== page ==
Your Car Emergency Kit should be designed to accommodate a wide variety of potential Emergency Situations that may occur while you are in or near your vehicle.There are several categories that you should carefully consider when you are assembling your kit.The most important thing to remember is to not forget about it – an Emergency Kit is never something you just throw in the back and never think about again.You’ll want to maintain it and adapt it regularly for the season.
Yesterday’s incident of a crash landing on the Hudson River where there was a 100% survival rate got me thinking about airplane crash survival and prep. Apparently several others were thinking about it too, there are several articles out in the last (less than) 24 hours about surviving a plane crash. Hopefully I can provide a useful summary and some fresh thought on this topic.
The NTSB released a study of plane crash statistics and survivability in 2001 they analyzed data for crashes from 1983 to 2000. I’ll be summarizing and referring to it frequently, the entire report can be found here. I was surprised to find that, overall, plane crashes are indeed survivable. Just as with surviving a nuclear war, I had assumed or thought I knew (without any research at all) that if a plane crashes you’re pretty much dead. With that foregone conclusion, I had not really looked into it at all. Here’s a quick shot of data from the NTSB study regarding crashes in a year and the number of survivors from those crashes: Continue reading “Prepping for and Surviving an Airplane Crash”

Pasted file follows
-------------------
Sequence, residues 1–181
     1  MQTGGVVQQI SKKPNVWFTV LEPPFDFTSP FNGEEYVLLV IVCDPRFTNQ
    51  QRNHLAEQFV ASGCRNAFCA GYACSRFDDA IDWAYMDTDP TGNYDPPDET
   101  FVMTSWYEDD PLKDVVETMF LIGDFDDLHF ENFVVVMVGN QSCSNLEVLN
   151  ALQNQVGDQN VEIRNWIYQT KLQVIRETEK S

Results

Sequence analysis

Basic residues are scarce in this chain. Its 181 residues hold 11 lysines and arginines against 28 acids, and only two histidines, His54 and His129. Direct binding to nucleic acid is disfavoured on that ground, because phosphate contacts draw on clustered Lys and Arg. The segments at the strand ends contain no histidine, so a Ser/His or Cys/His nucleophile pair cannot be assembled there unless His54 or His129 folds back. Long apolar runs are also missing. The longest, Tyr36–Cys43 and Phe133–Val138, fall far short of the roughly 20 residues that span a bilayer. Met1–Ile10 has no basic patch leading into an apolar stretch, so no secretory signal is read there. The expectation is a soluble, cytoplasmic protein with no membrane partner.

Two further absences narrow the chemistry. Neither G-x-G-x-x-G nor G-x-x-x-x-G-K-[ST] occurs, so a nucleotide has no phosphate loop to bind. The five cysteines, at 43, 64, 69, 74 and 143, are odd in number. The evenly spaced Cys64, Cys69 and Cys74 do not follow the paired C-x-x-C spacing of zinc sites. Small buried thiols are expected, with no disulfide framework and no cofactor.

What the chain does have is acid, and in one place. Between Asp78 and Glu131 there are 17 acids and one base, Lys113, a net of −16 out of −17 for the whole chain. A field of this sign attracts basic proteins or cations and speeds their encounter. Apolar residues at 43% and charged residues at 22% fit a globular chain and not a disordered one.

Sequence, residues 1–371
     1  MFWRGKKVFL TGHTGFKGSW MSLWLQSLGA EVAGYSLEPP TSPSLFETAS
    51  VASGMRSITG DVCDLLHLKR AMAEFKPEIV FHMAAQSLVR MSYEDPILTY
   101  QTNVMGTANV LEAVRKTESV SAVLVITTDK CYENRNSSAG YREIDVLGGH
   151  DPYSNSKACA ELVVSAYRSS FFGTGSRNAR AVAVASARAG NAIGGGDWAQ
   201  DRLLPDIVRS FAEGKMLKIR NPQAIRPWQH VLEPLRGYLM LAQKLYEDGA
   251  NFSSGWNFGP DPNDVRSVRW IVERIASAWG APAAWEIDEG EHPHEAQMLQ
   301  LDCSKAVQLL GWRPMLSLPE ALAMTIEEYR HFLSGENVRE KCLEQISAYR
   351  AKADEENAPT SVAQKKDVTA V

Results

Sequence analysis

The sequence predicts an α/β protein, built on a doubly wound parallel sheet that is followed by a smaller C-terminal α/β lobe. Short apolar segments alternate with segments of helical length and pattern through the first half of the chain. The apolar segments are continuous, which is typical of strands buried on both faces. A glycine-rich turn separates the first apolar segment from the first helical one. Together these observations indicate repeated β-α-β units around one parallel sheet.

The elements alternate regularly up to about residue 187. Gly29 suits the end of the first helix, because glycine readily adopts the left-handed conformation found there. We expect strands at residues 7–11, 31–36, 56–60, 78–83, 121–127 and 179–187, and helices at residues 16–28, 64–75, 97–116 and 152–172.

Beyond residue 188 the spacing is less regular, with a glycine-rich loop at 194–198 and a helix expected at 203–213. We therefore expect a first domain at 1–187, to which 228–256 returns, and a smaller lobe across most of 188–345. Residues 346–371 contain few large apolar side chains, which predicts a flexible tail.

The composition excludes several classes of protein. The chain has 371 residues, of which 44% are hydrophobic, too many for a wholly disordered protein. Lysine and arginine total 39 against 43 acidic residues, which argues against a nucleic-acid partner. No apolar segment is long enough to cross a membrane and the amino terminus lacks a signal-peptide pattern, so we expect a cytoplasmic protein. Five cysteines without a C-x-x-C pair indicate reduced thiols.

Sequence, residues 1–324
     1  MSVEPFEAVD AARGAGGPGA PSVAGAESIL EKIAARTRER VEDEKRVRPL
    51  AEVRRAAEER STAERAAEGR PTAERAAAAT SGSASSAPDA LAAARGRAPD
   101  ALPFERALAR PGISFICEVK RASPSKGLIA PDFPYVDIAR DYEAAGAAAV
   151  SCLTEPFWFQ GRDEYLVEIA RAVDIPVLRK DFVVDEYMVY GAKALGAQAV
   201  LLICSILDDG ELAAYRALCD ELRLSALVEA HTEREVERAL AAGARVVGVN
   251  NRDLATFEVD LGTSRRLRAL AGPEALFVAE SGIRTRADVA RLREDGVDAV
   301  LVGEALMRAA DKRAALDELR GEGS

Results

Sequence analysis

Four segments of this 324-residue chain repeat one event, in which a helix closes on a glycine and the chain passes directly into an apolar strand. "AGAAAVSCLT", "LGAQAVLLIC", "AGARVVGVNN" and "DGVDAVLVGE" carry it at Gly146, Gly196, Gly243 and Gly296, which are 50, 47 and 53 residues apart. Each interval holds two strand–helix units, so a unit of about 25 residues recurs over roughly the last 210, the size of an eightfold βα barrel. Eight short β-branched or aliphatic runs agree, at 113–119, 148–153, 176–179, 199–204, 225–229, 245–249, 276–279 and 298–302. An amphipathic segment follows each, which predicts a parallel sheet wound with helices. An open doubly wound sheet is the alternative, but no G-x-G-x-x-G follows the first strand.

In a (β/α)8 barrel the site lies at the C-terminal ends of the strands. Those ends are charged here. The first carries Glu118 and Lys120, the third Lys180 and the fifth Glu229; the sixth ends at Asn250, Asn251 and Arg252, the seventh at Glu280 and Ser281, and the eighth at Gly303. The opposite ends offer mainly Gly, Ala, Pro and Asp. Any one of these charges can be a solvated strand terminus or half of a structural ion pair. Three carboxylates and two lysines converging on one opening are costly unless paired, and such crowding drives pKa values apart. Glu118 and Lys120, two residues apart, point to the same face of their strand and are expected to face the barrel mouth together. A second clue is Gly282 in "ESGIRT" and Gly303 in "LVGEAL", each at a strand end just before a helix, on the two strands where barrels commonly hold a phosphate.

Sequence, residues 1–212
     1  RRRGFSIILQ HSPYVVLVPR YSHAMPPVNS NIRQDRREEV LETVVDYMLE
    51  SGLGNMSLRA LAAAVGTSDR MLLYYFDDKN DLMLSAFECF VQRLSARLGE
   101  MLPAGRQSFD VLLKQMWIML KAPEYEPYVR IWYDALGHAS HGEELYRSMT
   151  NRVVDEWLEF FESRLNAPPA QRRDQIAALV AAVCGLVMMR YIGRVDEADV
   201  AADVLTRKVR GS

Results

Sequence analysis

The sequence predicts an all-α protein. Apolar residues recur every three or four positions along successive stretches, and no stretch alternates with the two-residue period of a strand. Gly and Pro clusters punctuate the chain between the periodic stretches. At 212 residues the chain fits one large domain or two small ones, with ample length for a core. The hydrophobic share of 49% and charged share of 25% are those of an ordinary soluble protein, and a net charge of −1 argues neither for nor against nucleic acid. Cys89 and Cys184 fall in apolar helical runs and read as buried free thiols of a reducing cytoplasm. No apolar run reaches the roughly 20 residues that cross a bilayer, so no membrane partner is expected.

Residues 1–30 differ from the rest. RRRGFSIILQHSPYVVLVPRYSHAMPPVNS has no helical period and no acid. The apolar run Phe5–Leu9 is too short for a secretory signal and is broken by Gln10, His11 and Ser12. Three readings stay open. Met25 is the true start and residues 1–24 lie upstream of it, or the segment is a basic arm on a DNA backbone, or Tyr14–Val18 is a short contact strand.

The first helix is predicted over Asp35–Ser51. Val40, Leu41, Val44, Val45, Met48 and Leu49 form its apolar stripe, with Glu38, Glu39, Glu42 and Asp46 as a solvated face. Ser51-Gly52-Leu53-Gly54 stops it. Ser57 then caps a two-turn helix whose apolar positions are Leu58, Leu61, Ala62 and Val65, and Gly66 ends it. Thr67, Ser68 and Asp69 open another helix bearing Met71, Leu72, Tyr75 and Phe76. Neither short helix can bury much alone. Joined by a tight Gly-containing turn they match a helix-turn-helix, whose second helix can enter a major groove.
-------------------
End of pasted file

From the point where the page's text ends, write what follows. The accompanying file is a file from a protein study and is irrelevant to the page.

An important piece of any Bug out Kit is a way to make a whole lot of noise. You need some way to create some attention-getting noise that can really travel the distance. This tool is a way to get the attention of a search party if you are lost or injured, as well as a way of helping find somebody who is lost. But all whistles are not created equal. Some are bulky, some are tiny, some have Pea’s, some don’t. How do you know which you should get? Well, I was recently pointed to a site via edcforums to an excellent PSK whistle review (PSK). Go check it out before you buy your whistle, it’ll help in selecting.